The film, starring Rachel Weisz and Sam Claflin, puts on display all the mystery and tension of the original Daphne du Maurier classic, but with an added emotional edge.
Michell’s realization, then, and the film that has now emerged out of it, should at the very least help dent that far too long-lasting image. There is, of course, depth to her work, and this adaptation is successful precisely because it chooses to emphasize it: My Cousin Rachel is a moody, ambiguous movie, made all the more poignant by its constant criticism of privilege. The running mystery of the story is judiciously used as a foil for bolder, and ultimately tragic, explorations—on fallible romance, male entitlement, and the impossibility of independent life for women in the 19th century.
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Set with deliberate vagueness around the 1840s, “between Austen and Dickens” (to quote Michell), the story follows one Philip Ashley as he approaches the age of 25 and full, legal adulthood. His older cousin Ambrose, who had, until then, raised him celibate—and in a house seemingly devoid of women—meets and marries the eponymous Rachel while recuperating from an illness in Florence. Ambrose, however, soon falls sick again, dying a few months thereafter, but not without sending Philip letters in which he accuses his wife of poisoning him. His official cause of death is brain tumor.
This is the tense premise, a dark variation on Howards End’s famed opening chapters, skillfully put to screen in the movie’s rhythmic and fast-paced first 20 minutes (or so). The rest of the narrative plays out more or less solely between Philip and Rachel, with the questions, “Did she? Didn’t she?” echoing throughout in the boy’s mind. He understandably begins by despising the widow, a hatred which quickly dissipates the moment she comes to visit him at the Ashley estate in Cornwall. At this point his feelings towards her turn romantic, and the two slowly bond, allowing her to receive whatever inheritance his cousin’s will did not provide. Eventually, however, Philip’s marriage proposal is refused, a rejection which reawakens his suspicions of her, laying the ground for the story’s tragic ending.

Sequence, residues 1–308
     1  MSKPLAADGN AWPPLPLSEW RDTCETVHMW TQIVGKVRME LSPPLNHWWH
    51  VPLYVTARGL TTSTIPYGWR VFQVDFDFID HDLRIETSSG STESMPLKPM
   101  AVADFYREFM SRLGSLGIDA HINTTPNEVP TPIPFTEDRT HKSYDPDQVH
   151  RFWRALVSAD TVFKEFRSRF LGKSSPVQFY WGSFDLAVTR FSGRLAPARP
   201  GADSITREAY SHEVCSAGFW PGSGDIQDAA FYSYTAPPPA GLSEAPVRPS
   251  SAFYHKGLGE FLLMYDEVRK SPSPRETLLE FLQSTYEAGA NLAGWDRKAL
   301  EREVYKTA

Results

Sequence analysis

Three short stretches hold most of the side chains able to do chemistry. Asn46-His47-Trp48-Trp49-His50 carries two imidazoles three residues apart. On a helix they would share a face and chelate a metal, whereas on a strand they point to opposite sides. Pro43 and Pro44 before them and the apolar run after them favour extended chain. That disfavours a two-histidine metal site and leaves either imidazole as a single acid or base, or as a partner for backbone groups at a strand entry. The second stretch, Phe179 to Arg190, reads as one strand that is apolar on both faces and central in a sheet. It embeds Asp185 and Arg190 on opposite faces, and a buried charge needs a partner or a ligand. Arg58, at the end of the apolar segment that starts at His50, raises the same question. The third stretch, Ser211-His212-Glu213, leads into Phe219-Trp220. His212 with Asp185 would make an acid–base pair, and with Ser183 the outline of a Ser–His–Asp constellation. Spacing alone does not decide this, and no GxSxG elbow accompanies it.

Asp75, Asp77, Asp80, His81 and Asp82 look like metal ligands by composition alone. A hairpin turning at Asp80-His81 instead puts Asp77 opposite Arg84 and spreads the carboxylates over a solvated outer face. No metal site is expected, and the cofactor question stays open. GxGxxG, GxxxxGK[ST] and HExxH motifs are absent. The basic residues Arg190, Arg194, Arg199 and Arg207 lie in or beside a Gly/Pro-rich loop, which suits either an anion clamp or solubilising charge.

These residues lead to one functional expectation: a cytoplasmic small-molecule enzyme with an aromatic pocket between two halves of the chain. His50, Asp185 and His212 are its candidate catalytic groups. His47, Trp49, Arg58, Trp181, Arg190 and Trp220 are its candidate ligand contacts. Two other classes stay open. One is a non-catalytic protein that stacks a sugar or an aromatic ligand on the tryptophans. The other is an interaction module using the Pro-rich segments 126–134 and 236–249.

As expected, Rachel Weisz fits the role of Lady Ashley to perfection. Not only does she not play the character in an overtly sinister manner, but Weisz’s—typical—slight awkwardness makes her more sympathetic than might otherwise have been expected (she is by no means a femme fatale in the Hollywood sense). Though strong in her determination to live the way she wants to, here is a widow that is visibly shaken by what’s happened (and is happening), and almost shy of her charms.
Yet it is Sam Claflin, in his dual role as both Philip and Ambrose (a lopsided combination, mind you, since the older cousin gets very little screen time), who perhaps comes out of this impressing the most: he plays the boy with added brashness and violence, giving an edge to the character’s childish mood swings, and putting in perspective the work’s true dramatic center. More than a mystery-romance, My Cousin Rachel is revealed to be about a woman accused of treachery simply for preserving her own interests, and suspected of promiscuity for being unafraid of her own sexuality.
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The film also brings a lot visually to the du Maurier story, partly because the cinematography is deft in its uses of light, and makes repeated emphasis on unsteady and inauspicious details (a distraught look, a trembling hand). But credit should also be due to the movie’s superb locations: the prominent, lush exterior scenes were shot in Devon and Cornwall, while the historic West Horsley Place in Surrey served for the interiors. The house’s main hall, bedrooms and extensive library were put to atmospheric use in My Cousin Rachel, significantly darkened and often candle-lit to properly accompany the action.
My Cousin Rachel will be in UK cinemas on June 9.